Prolonged Exposure Therapy: Session 8
although it's been nearly a month since I recorded this session, I want to finish the series of blog posts because I won't feel like I'm done processing the Prolonged Exposure Therapy experience until I've written about it. I'm going to cover session 8 in two sections: the first half during which I finished processing my relationship with Scott, my ex; the second half, which I'll write later, starts the process of dealing with the damage done by my mother. I blogged a little about her in doors without doorknobs.
after listening to session 7 in the days preceding this session, I was left feeling a deep sadness. sadness over lost opportunities for myself and for my children. I also recognized deep feelings of self-doubt, of feeling afraid to start homework projects for the class I enrolled in because I feel sure I'm doing it wrong and that I don't understand what I'm supposed to do.
I was also dragging the ball and chain of feeling discouraged because the legal battle I thought had been resolved in court was still ongoing. six weeks past the hearing date and the judgment hasn't been submitted to the judge for signature and legal fees are mounting. therapy bills have taken a huge bite out of my limited resources, and buying groceries and gas the same day overdrew my bank account. everything added up felt overwhelming and I wondered (for about a minute) if taking the plunge into Prolonged Exposure Therapy had been a bad idea. I chose this time to do the Prolonged Exposure Therapy because my next chance would be this fall. I want to be able to do other things this fall, like take more classes at the local college, work toward a new career, and live my life as a free person. I took the risk of signing up the extra therapy sessions and I'm not sorry I did it. still, finding myself flat broke, with maxed out credit cards and huge legal expenses, is depressing.
I find I'm also angry that Scott, my ex, portrayed himself to the family evaluator as the long-suffering spouse who "let" me be right to avoid conflict. according to Scott, I HAD to be right ALL THE TIME. angry? annoyed? irritated? I don't know what I feel about it. what I do know is that he was not long-suffering. he was emotionally absent and when I dared to require his participation in our family relationship I risked verbal and physical abuse. maybe what I feel is resentment?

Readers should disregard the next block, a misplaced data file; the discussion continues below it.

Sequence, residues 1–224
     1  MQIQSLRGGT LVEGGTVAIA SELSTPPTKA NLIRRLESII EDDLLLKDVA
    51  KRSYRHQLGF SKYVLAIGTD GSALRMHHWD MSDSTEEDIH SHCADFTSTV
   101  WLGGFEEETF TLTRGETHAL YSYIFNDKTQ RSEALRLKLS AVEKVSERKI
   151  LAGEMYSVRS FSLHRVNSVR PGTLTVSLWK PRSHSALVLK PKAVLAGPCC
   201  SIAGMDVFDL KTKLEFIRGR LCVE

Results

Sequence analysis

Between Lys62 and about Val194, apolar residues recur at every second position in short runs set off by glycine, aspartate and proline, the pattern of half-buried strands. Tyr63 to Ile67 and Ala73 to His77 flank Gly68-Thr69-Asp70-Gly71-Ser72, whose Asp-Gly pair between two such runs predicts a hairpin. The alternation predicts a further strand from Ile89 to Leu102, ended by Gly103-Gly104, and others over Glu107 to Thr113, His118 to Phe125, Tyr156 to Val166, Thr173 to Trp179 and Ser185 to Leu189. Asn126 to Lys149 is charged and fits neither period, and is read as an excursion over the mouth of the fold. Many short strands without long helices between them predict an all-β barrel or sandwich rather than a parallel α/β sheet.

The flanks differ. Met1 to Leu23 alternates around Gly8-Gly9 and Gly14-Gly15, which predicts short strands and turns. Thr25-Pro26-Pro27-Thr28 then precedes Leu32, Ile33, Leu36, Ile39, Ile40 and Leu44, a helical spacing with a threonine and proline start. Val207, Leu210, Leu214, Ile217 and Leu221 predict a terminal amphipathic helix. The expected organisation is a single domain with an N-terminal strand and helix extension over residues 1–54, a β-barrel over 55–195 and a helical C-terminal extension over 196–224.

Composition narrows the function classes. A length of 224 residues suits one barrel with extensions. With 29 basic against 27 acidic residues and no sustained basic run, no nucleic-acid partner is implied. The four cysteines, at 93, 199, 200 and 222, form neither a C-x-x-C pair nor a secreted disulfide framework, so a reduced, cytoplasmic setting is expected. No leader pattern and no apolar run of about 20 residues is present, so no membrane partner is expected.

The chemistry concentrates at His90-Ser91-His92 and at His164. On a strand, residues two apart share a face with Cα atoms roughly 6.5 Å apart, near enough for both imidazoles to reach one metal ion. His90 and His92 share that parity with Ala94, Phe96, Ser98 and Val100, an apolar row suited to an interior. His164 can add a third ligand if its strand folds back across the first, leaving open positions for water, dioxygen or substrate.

my therapist suggested following the "mini-arc" of Scott's violent temper tantrum from the conversation leading up to the assault to the assault itself. I went through it once, and again. my anxiety level was lower, my tone more conversational. I recounted the escalation, his excitement over the conflict, his lack of compassion, his disregard for my feelings or the safety of our daughter. I realize I'd expected him to argue or to ridicule me because that's what he did when we were alone. I didn't expect to be assaulted and I don't know why he suddenly felt like he had a right to. maybe it was the adrenaline thrill of seeing me unravel emotionally under his cruelty, but he enthusiastically pushed it as far as he could: all the way to violence.
I also recalled that Scott loved the TV. if he wasn't sleeping, he was watching TV. he wasn't much interested in interacting with me so when I asked for his attention I was already afraid of his wrath for daring to interject myself into his leisure time. I remembered a few times I'd realized his focus on the TV had caused problems. once was when our kids were hungry. Scott was sitting on the sofa, eyes glued to the TV, plate of food on his lap, practically inhaling his food without chewing. both kids were standing next to him. our little girl, two years old, was crying that she was hungry but he paid no attention to either of them. the other event was the time he'd put our daughter into a bathtub, turned on the water and went back to the TV two rooms away, unaware of her screams when the water turned scalding hot. after I rescued her, I never trusted him alone with her again.
I'd wondered why my PTSD symptoms had become so much worse after I divorced Scott. I realized it was because I was trapped in his pattern of escalating even after our divorce. his need to hurt me was his strongest compulsion, far stronger than any desire to protect or keep safe his own offspring. it took me so long to realize how sick he is, to recognize how he manipulated our relationship by using our son to create conflict, by withholding support and mocking me for expressing dismay, concern, fear that I couldn't take care of our children. divorcing him was the catalyst that focused his hatred toward me and intensified his need to abuse me. emotionally, I couldn't fathom how someone who professed love toward me could be so cruel and hateful toward me, although logically I knew it happened all the time.
I don't think think Prolonged Exposure Therapy would have helped me if I hadn't found a way to disengage myself emotionally from his sickness. if we didn't have children together, I could have walked away and regained emotional health relatively quickly, but because we had children and he could use them to hurt me, he did. there was no way to stop him, not for years. if the parenting evaluation had not exposed his alienating manipulation of our son, I believe I would still be trapped in fear and anxiety. the results of the parenting evaluation, as expensive as the process was, freed my son from his abuse and me from his influence so I could have a chance to heal.